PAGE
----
Finished, the dark-robed speaker disappeared back into shadow. Shamed, Isoako glanced down before turning to the lovely figure of Belsha’anna. He made a decision. He stood, throwing coins on the table. “I’ve got… some thinking to do.” He strode towards the exit, pausing only to address the darkness, “Thanks friend.” Theseus and Beauregard scrambled to catch up.
The dark mage watched them leave. “Idiots.” he muttered. Standing, he dismissed the cloacking miasma and pushed back his cowl, running fingers through greasy hair.
Robes swirling around him, he moved to the sorceress’s table and with a flourish produced two crystal glasses of elven wine. Smiling, he held one out Belsha’anna.
“Excuse me fair maiden, are you dryad? Because I’ve got an ‘enchanted wood’ in my robes…”
Word count 1000.
Ah, this was a load of fun to write! And possibly my first foray into the traditional Tolkienesque fantasy genre for this blog.
Ok, the challenge was put forward by Chuck Wendig on January 9 (the first Terribleminds Flash Fiction challenge of the year) – right up my alley with the “Who the F**k is my D&D Character” challenge. Writers were required to click the following random Dungeons and Dragons character background generator ‘Whothef**kismydndcharacter‘ for a character to write about. Simple enough.
Clicking the link, I was prompted with a:
MISERABLE HALF-ORC RANGER FROM A COMMUNE WHO SECRETLY BECAME AN ADVENTURER TO IMPRESS A LOVE INTEREST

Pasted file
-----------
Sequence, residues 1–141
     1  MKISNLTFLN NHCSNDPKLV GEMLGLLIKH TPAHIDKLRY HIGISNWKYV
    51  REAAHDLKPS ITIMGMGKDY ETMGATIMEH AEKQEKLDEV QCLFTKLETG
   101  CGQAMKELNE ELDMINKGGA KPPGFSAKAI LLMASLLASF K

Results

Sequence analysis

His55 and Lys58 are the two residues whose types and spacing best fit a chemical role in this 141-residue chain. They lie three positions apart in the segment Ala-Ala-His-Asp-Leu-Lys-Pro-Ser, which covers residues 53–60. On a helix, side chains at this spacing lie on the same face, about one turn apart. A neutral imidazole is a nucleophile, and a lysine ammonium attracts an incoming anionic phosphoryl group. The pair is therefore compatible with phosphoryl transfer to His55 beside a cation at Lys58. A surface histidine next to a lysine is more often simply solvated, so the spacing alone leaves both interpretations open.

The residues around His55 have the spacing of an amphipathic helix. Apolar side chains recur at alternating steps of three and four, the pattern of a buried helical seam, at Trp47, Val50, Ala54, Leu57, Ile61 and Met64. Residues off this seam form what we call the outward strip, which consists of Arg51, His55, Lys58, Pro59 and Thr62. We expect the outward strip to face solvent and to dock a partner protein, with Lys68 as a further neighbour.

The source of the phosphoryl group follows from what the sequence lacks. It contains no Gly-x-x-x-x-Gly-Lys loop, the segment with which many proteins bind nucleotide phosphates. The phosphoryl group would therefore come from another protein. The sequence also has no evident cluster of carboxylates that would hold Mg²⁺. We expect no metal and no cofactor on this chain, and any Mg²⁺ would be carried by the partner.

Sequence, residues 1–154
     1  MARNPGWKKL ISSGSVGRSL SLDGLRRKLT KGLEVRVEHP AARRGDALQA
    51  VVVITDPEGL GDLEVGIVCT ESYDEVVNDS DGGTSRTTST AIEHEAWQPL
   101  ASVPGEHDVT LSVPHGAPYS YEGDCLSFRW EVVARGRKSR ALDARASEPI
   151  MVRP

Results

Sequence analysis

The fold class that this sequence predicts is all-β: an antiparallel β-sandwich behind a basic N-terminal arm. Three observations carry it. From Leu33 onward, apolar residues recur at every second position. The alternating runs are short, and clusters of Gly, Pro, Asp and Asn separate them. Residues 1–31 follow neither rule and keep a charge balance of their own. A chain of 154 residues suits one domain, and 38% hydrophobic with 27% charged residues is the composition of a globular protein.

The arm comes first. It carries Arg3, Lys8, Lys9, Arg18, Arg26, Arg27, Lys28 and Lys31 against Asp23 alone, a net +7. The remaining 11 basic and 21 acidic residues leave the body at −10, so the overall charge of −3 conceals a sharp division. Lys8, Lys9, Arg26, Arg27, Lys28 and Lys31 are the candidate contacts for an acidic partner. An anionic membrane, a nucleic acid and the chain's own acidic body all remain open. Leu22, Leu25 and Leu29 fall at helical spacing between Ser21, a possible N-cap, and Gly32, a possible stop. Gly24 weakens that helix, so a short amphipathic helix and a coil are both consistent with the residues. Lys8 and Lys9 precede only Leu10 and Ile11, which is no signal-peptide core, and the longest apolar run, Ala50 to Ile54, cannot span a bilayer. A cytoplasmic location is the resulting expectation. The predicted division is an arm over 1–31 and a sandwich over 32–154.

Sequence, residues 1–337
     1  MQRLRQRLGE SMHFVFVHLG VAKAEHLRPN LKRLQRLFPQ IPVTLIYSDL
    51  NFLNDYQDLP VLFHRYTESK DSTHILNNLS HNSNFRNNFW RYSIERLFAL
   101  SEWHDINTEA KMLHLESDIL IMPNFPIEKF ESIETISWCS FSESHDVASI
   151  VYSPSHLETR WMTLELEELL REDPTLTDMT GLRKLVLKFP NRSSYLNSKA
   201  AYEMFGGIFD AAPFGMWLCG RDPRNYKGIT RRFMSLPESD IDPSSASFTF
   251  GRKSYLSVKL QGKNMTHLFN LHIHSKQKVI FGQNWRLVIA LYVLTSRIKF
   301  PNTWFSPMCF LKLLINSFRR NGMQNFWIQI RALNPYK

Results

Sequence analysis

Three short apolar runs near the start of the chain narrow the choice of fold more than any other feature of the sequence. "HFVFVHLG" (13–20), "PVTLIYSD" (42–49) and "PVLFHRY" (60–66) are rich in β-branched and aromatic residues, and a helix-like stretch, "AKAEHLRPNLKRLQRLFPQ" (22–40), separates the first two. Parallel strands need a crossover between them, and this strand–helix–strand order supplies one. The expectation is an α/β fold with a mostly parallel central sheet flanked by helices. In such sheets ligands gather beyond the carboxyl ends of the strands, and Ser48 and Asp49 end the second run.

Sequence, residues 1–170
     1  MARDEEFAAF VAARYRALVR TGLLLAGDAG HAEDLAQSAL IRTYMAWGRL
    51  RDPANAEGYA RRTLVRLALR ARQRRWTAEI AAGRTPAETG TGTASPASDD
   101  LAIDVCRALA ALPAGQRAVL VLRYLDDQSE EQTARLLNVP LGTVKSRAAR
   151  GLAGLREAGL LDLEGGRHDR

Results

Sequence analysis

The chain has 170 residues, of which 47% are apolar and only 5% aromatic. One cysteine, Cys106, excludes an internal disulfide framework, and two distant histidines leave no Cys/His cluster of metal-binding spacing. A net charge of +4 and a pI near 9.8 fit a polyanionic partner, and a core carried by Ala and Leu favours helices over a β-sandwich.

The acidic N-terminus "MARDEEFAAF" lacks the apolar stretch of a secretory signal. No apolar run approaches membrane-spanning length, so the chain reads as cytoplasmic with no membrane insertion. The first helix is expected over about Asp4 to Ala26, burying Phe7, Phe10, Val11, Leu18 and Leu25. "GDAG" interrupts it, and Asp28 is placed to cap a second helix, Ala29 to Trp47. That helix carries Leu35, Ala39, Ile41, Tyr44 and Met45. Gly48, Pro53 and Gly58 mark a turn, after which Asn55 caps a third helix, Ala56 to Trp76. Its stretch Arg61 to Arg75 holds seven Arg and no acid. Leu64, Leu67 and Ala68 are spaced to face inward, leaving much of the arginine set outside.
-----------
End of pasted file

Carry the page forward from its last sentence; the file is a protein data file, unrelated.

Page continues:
And thus Isoako Hardbark was born.
The plot then fell out naturally. It’s pretty light on the action, but I am happy to get back to something with a bit of humour in it – I hope that others find this at least a little funny. I really enjoyed creating these characters too, the heartsick Isoako, the loquacious Theseus, and the cynical Beauregard, it was a really satisfying exercise in writing.
What was also interesting was the editing process. We were given 1,000 words, and my first draft of this was nearly 1,700. Cutting this down was an education in ‘following instructions’. I could have posted something with more words, perhaps it would have been better… but if this were a piece I was being paid for, then I wouldn’t necessarily have the freedom to exceed word limits. I figure there is a lot of value in actually following the rules, and trying to make the story a tighter piece of work. Whether I succeeded or not will ultimately up to you readers!
Spending the time on editing does mean that whilst I have spent some hours on this, I wasn’t writing the whole time. I might need to factor in some recognition of editing time in my 5000 words a week new years resolution!
So, let me know what you think in the comments. Is it funny? Does it make sense? Do you get a sense of the characters? Is it interesting or compelling? Or is it a big miss?
Thanks for reading.